Truly eco-minded brands have come onto the world fashion stage, embracing a closed-loop or circular economy, rethinking and redesigning the way products are made, used, and discarded.
Transforming the system
The circular economy provides the tools needed to tackle climate change and biodiversity loss while addressing social needs. It has the power to grow prosperity and create well-paying, safe jobs while cutting greenhouse gas emissions, waste, and pollution.
Transforming our throwaway economy into one where waste is eliminated, resources are circulated, and nature is regenerated takes work.
How the Closed-loop system works
According to the Ellen McArthur Foundation, a company that works to accelerate a transition to a circular economy, the open looped economy takes materials from the Earth, makes products from them, and eventually throws them away as waste. The process is linear. In contrast, a circular economy stops the cycle, eliminating waste from being produced in the first place.
The circular economy is based on three principles:
- Eliminating waste and pollution
- Circulating products and materials
- Regenerating nature
A circular fashion economy aims to create a sustainable system by designing, sourcing, and producing clothing and accessories with the intention to be used for as long as possible in their most valuable form. This involves reusing and recycling garments into new clothing to be used for as long as possible to minimize waste and avoid landfills.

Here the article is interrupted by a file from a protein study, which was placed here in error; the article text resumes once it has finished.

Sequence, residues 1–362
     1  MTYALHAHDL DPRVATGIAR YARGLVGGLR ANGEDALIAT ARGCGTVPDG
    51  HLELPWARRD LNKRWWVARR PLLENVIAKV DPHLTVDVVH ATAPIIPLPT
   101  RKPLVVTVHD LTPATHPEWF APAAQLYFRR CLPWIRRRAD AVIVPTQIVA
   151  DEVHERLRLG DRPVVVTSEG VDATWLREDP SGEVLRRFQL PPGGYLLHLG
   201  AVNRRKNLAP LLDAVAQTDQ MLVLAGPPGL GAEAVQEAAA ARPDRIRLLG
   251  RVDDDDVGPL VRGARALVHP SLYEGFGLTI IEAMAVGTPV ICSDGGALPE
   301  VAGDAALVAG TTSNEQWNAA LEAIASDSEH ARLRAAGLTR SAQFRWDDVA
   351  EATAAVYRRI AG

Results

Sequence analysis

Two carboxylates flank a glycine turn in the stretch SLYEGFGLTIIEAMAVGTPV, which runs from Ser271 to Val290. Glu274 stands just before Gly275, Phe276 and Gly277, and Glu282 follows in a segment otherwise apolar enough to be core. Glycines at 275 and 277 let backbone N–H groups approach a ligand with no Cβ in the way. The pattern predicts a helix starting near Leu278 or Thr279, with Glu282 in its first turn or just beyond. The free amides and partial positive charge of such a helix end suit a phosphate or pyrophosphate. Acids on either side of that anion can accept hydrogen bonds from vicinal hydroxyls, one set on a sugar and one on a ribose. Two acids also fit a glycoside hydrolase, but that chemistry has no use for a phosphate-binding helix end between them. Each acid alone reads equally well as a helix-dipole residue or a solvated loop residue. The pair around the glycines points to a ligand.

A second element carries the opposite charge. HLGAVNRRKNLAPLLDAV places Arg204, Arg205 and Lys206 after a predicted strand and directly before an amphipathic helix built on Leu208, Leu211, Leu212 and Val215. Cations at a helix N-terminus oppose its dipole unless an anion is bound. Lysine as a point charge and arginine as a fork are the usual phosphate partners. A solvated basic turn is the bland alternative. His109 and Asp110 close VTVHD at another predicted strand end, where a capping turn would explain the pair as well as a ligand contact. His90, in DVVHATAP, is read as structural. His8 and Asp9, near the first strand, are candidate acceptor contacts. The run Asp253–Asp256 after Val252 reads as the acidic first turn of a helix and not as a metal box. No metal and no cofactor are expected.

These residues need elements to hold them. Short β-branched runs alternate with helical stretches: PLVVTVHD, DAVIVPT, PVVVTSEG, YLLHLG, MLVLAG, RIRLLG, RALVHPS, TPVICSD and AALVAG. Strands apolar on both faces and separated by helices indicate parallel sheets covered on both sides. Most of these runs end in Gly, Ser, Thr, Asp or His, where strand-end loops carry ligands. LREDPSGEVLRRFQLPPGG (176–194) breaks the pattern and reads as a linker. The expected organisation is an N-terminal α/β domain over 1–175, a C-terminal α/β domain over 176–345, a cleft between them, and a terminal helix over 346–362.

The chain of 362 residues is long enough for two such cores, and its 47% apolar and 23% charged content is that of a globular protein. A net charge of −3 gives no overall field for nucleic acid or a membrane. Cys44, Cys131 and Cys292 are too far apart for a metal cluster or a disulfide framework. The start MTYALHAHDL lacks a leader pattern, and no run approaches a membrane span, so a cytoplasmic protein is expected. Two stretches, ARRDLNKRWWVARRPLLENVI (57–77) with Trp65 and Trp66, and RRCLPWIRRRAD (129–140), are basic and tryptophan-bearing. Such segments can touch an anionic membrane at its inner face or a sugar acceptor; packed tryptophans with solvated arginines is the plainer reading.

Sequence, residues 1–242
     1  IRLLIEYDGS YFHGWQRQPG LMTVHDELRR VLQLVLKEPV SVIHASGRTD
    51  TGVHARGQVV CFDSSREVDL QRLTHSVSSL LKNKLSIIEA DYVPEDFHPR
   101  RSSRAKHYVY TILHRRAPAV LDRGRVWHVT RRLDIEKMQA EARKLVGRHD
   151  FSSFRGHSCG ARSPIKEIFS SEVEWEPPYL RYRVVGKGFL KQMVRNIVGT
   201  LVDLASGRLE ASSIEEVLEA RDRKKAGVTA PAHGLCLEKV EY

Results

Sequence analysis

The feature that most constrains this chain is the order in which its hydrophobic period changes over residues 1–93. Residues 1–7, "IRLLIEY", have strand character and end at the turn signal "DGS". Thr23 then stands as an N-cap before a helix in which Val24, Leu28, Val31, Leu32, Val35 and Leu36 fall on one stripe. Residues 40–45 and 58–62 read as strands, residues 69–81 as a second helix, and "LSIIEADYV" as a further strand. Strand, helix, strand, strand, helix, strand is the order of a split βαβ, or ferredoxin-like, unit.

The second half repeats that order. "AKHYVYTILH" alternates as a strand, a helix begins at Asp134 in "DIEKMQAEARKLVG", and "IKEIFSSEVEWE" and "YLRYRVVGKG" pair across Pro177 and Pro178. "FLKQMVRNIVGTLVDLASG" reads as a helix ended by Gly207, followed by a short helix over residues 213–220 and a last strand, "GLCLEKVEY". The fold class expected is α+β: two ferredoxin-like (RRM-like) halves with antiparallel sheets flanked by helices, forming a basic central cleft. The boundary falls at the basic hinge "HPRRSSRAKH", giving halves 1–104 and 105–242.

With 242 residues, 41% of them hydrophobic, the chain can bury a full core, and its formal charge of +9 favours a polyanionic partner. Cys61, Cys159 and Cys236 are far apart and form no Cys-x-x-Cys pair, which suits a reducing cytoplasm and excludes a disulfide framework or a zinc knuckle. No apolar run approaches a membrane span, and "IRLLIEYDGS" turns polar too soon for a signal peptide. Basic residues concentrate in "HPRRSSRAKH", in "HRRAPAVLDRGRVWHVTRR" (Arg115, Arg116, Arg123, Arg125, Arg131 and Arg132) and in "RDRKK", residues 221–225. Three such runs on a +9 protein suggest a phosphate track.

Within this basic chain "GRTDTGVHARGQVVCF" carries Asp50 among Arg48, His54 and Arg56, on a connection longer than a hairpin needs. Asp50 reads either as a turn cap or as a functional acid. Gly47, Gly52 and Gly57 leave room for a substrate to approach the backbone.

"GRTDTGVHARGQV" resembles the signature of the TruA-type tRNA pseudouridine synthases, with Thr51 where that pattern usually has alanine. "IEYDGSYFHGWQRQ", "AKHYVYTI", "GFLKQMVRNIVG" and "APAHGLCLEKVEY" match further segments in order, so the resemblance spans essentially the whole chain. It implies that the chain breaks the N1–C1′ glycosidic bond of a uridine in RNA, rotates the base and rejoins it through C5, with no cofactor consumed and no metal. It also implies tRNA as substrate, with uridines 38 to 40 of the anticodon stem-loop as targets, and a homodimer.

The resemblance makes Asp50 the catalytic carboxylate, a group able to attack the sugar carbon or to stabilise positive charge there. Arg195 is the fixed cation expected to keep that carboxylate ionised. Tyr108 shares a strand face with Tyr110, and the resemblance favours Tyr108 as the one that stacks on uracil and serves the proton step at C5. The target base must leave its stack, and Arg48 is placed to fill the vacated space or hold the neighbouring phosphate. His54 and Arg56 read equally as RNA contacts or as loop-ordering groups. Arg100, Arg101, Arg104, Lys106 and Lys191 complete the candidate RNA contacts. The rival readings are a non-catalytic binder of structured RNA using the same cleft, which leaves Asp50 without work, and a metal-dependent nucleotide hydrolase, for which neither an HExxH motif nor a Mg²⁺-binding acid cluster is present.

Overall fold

In the closed-loop model’s circular economy structure, materials are kept within a loop and recycled into new products when the garment is no longer wearable as is.
Eliminating waste and pollution
Waste and pollution are the consequences of decisions made at an early stage of the design process, where much of the environmental impact is determined. Instead of being seen as an afterthought, circulating products and materials ensure that waste and pollution are not created in the first place.
Circulating products and materials
The Earth’s resources are limited. Therefore, we can not afford to continue wasting them. Building an economy that keeps and uses resources and materials infinitely, circulating them for as long as possible, rather than using them up creates products that can last forever. Items are designed to be reused, repurposed, and repaired, to keep their lifecycle in a loop. Designing and using products keeping the end of their shelf life in mind, keeps them from ending up in landfills.
Regenerating natural systems